You must consider the balance between using publicly available social media posts and protecting a user’s right to privacy. While many social media posts are in the public domain, they are not necessarily viewed as such by those who author them.
In your published research, avoid quoting directly from social media posts and ensure that you remove or obscure any potentially identifiable, sensitive, or disclosive data (such as username, location, or any identifying information about ethnicity, etc.) via anonymisation, deidentification, or aggregation. You should also include a statement on how you protected user privacy.
Are my findings valid?
Be mindful that while your participants (social media users) may be cognisant of the fact that their posts are in the public domain, it does not necessarily follow that they would permit their posts to be used for research purposes, or that they would voice these same views as part of a research study. You should also account for the ways in which social media discourse is influenced by bots, censorship, and culturally specific rhetorical strategies (sarcasm, puns, etc.) that can get lost in translation and skew your data. Familiarise yourself with the specific statistical methods developed for big data, and be aware of sample bias: different researchers, different APIs, and different platforms will retrieve different datasets which may have qualitative or statistical significance for your findings.
Pay attention to examples and descriptions of best practice as you conduct the literature review in preparation for your own study.
What should I do if I am asked to publish or share my dataset?
It is increasingly common for publishers and funders to request or mandate that researchers publish or share the research data that underpin their research findings. However, you will need to consider how to balance open data mandates with social media users’ rights to privacy, and account for the fact that some users may delete posts or change their privacy settings in between the stages of data collection and data publication.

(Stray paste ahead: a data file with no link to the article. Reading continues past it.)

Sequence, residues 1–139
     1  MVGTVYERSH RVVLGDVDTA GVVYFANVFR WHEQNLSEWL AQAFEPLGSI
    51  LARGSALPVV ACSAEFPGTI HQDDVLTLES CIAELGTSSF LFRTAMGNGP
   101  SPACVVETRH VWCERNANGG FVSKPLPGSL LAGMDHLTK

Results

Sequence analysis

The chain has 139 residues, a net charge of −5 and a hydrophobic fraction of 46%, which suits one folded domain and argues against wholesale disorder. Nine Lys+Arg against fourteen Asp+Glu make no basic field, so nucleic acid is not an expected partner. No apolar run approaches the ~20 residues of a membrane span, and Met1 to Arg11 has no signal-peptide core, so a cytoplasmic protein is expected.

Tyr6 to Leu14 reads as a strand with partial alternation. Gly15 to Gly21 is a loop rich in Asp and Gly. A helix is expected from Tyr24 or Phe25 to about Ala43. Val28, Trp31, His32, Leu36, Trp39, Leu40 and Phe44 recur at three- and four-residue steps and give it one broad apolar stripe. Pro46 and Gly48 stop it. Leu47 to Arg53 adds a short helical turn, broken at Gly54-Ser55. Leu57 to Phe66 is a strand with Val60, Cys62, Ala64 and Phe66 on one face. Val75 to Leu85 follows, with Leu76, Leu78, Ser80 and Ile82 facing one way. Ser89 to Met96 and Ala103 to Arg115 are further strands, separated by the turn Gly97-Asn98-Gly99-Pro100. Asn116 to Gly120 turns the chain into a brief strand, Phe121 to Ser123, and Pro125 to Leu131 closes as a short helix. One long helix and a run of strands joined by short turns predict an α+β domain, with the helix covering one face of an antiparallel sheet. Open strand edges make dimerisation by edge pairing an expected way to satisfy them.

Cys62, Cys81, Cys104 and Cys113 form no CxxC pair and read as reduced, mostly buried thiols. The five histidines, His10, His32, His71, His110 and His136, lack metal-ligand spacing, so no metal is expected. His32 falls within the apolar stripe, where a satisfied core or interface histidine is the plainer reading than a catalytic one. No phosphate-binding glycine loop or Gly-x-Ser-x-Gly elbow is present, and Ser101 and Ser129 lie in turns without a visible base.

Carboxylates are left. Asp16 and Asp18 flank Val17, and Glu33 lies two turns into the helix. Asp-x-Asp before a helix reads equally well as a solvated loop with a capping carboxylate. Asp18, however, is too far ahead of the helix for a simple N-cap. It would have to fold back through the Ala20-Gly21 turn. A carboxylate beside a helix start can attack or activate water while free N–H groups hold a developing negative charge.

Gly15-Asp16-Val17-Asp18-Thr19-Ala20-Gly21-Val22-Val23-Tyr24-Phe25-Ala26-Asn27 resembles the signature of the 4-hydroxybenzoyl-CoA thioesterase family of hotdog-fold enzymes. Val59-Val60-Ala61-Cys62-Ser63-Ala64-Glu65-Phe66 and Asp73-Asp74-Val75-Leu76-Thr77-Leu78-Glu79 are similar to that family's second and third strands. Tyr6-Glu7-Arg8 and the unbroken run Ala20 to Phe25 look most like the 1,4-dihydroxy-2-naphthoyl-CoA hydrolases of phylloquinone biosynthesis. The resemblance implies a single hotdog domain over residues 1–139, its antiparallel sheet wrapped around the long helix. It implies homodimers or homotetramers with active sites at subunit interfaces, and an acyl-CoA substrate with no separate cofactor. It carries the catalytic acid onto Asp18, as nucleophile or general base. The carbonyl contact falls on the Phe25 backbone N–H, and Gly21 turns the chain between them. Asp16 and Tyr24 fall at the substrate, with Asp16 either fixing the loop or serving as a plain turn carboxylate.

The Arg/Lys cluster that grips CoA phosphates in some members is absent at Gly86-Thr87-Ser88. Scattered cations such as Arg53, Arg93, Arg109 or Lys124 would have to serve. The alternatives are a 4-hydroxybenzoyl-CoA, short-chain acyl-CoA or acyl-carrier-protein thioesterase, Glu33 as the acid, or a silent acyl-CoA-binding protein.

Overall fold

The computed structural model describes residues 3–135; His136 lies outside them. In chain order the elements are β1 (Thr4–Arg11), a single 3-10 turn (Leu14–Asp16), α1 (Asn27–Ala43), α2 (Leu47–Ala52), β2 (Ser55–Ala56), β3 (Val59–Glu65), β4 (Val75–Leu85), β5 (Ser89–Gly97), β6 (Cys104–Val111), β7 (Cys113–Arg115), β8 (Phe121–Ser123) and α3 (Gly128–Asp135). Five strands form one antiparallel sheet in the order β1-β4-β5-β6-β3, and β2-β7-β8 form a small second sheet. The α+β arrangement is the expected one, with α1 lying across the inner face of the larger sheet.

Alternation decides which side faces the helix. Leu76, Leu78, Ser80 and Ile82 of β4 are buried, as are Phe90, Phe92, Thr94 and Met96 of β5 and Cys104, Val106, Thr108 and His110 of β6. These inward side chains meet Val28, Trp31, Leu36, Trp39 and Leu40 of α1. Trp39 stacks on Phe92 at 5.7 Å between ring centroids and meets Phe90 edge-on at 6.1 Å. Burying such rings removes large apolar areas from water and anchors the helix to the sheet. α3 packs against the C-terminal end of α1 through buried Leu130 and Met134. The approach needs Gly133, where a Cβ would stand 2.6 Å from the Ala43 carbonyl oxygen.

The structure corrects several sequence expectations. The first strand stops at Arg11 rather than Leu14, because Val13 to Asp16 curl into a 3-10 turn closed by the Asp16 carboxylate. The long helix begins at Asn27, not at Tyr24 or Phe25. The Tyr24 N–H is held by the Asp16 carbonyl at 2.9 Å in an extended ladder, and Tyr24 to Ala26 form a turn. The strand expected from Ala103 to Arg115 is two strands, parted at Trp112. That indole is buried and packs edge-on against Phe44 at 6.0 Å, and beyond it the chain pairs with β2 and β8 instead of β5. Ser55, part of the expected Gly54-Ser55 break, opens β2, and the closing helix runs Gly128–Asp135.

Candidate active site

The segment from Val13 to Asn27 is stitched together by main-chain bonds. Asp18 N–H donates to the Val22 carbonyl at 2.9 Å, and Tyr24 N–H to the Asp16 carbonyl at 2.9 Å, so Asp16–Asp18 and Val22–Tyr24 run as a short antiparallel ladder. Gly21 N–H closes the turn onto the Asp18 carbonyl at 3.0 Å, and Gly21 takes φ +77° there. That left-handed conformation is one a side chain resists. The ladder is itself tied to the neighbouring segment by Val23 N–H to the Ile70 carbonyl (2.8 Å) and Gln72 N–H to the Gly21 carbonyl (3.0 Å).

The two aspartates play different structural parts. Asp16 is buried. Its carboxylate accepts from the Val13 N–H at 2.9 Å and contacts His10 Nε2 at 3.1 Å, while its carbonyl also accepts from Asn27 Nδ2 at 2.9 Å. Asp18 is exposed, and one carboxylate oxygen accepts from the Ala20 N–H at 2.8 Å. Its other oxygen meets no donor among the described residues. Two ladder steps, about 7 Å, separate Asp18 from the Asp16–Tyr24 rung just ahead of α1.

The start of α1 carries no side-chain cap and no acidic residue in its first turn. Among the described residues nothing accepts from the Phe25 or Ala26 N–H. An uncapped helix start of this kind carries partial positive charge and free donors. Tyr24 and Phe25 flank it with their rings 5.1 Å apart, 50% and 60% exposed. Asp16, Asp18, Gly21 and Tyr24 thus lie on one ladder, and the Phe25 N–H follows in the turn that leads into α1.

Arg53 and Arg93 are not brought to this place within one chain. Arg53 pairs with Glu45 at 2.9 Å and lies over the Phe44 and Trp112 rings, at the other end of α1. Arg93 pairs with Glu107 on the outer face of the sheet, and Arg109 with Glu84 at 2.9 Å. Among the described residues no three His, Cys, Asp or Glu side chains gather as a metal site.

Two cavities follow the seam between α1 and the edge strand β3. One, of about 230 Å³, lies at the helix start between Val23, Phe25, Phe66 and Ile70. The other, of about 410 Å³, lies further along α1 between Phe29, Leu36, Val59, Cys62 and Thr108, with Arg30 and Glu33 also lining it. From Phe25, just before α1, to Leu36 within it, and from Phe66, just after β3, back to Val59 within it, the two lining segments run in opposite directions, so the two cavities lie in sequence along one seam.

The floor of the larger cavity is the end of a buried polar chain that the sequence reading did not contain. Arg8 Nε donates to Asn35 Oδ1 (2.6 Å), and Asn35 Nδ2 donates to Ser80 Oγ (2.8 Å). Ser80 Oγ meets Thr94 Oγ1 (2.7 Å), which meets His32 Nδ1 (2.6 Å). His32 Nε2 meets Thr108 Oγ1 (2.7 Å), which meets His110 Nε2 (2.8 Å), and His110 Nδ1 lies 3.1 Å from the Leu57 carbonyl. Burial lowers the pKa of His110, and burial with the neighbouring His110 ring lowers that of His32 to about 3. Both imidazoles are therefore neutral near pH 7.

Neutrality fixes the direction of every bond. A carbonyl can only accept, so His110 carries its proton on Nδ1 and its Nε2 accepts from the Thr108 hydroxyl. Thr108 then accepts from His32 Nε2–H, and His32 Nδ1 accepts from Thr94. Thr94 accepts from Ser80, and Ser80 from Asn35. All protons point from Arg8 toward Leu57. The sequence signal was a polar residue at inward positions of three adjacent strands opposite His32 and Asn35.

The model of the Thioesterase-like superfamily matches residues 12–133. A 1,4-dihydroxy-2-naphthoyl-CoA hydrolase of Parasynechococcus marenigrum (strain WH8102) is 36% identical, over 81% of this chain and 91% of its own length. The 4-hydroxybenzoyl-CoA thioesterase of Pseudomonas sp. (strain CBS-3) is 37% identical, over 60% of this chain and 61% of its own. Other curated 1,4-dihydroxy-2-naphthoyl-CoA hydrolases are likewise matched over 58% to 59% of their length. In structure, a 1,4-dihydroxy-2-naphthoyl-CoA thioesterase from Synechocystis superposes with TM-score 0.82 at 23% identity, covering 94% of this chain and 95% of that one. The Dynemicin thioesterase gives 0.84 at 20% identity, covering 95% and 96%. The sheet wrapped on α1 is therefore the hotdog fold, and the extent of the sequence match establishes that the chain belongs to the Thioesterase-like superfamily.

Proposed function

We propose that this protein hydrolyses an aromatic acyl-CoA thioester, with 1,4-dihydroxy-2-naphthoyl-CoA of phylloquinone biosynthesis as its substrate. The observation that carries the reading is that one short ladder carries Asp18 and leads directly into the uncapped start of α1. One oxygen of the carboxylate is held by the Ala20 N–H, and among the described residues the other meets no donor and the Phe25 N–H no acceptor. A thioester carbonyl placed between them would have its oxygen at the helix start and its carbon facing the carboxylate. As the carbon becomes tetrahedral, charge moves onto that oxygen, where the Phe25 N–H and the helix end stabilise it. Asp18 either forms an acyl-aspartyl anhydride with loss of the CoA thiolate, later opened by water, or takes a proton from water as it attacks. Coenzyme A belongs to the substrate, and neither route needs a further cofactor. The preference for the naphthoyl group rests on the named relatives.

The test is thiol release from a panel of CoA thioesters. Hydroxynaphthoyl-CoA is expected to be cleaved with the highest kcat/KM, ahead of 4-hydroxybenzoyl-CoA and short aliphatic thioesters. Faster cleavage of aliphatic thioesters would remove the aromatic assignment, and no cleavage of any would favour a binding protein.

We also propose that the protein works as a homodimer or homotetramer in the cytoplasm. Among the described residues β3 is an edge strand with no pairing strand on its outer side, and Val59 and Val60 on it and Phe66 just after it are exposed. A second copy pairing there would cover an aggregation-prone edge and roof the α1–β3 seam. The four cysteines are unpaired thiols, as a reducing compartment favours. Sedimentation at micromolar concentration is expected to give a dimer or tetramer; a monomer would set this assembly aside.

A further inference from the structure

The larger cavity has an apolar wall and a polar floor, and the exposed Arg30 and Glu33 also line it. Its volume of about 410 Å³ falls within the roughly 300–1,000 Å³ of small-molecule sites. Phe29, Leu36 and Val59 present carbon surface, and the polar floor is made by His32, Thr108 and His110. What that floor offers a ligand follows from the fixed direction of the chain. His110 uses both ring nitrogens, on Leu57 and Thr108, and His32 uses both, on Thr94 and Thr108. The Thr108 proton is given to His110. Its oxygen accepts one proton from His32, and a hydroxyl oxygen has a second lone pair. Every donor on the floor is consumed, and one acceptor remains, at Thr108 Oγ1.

One strategy is to describe the exact procedure or protocol you used to extract the dataset (including any APIs you used, inclusion/exclusion criteria, keywords/ search terms, etc.). Researchers who wish to reuse or replicate your rich dataset can then follow the protocol. They will not retrieve any posts that have subsequently been deleted by a user, ensuring that any changes to privacy status in the live data are preserved.
You must never publish or share personal data such as usernames or email addresses.
Further links and resources:
The British Psychological Society Ethics Guidelines for Internet-Mediated Research (updated June 2021).
Leeds University guidance on ‘The Ethics of Online Research’ (2018).
Lancaster University basic Guidelines for the responsible use of social media data in research.
For some methodological considerations when working with social media data, watch this presentation on using social media data responsibly by Dr Aditya Ranganath of the University of Colorado Boulder’s Center for Research Data and Digital Scholarship.
University of Westminster list of social media tools for researchers (staff login).
Doug Specht, Senior Lecturer and Director of Teaching and Learning in the School of Media and Communication at the University of Westminster, has also published guidance and step-by-step tutorials on Collecting, cleaning, and visualising Twitter data.
For support with ethics applications, contact your College Research Ethics Committee Chair.
For support with managing your research data, contact the Research Data Management Officer at firstname.lastname@example.org